Do you feel safe at West?


Jada Hallman, Editor-in-Chief

On the night of October 3, 2017, the deadliest mass shooting in modern American history took place, sending waves of fear and anxiety throughout the nation as 59 people were brutally killed and hundreds more injured at a country music festival in Las Vegas. The jollity of a concert was instantly replaced by a nightmare that scarred those present and those observing. It was a horrifying event that had impacted the United States, and in the midst of the chaos and grief, we struggle to find answers as to why such an evil act had to take the lives of so many innocent citizens.

It cannot be denied that there is evil in the world and the unfortunate reality of it all is clear: there exists many forms of hatred that fuel these terrorist acts. And although we can live cautiously and be alert of suspicious activity, anxiety is not a bullet-proof vest. What we can do is be informed; these efforts will protect us from an unpredictable future and the dangerous threats that we cannot always escape.

Student resource officer, Graham Hawkinson advises students to remember the protocol “run, hide and fight.” “Run, your life is your priority… sometimes you can’t run, so therefore hide… arm yourself, don’t just hide and wait, start looking around and think ‘I’m getting home.’” He encourages students to never give up the fight, to not give in no matter how dire the circumstances may seem and never lose faith. It is through persistence and strength that we can fend off these terrors and ensure the safety of ourselves and others.

In the event of an active shooter being present on campus, West High administration has trained us to engage in lockdown protocol, where students are ushered into classrooms immediately, doors and windows are locked and noise is discouraged. Students are instructed to remain quiet and out of sight. All televisions, projectors and document cameras should be turned off and the room should be dark and silent. Student cell phone activity is limited to a brief call to parents telling them the school is on lockdown. Most importantly, students are advised to be alert and to remain calm.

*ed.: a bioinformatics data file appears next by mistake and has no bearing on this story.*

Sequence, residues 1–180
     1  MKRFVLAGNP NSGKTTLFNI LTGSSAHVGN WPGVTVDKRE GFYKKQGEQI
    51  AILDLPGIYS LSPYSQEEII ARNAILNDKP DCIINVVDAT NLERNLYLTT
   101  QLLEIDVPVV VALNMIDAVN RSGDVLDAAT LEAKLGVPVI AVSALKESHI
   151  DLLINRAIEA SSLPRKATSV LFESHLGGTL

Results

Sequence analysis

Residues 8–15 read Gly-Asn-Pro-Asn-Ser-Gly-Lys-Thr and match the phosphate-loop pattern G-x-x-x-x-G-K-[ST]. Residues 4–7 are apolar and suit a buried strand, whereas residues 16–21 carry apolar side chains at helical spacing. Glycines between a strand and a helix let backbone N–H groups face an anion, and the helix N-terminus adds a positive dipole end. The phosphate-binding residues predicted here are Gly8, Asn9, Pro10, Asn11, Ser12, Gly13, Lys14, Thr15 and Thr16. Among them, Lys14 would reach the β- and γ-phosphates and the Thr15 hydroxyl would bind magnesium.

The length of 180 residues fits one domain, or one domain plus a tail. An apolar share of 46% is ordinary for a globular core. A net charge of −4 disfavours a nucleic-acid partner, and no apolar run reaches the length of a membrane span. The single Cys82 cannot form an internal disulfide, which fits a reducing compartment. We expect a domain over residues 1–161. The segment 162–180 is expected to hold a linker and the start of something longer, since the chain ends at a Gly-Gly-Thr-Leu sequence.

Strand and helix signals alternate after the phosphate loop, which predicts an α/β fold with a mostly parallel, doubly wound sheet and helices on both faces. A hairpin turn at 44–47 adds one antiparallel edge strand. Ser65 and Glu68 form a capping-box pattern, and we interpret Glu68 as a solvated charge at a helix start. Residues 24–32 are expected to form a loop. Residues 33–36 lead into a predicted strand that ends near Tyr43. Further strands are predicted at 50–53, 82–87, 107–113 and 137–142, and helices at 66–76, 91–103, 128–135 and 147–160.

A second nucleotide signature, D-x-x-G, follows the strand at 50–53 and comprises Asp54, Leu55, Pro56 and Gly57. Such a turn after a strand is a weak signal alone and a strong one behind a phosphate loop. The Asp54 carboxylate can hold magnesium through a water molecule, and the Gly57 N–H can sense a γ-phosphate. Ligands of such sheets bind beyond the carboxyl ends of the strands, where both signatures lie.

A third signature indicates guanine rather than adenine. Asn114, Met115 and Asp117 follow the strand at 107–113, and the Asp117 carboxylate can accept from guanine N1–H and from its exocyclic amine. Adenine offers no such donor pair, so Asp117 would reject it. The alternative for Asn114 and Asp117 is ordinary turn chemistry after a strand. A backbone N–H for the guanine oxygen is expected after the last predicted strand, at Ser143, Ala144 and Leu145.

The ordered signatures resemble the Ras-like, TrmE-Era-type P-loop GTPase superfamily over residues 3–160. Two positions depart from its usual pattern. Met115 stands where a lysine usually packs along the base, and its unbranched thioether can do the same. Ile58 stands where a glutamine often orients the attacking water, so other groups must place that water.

Hawkinson also encourages us to communicate with others so we can protect them from dangers as well. We can use social media and other outlets of technology to alert others of threats and to contact those with the resources to prevent these dangers from happening. “That’s why we win. People rise to the occasion,” said Hawkinson. “It truly takes teamwork to defeat people that bring this evil to schools and neighborhoods.” Having so many connections with other students and those in West’s administration provides us with the means to save others in the face of disaster.

“See something, say something,” said Hawkinson. “Trust your gut, your instinct, your inner Jiminy Cricket and let the professionals get on things right away… If something like this were to happen, the whole world would be at West High… Know that we are coming.” It is imperative that students observe their community with a watchful eye and are dedicated to reporting any suspicious activity. Whether it be halfhearted banter, verbal declaration, technologically communicated or questionable behavior, one person speaking out about odd clues that could give the slightest hint to malignant intentions could prevent catastrophe from wreaking havoc at our school and in our community. If you sense any suspicious activity taking place on campus, or have any inclination that danger may be present on campus, do not hesitate to tell campus security, administrative staff or any teacher to bring it to their attention and allow them to respond professionally.

West High’s mission statement promises to “provide all students with a safe, caring and engaging learning environment in preparation for college and careers,” and in order to secure the safety of the students on the campus, it is our job to stay alert and to be informed of how to react responsibly. The safety of West is in our hands, and we are endowed with the duty to guarantee it for students in present and future years to come.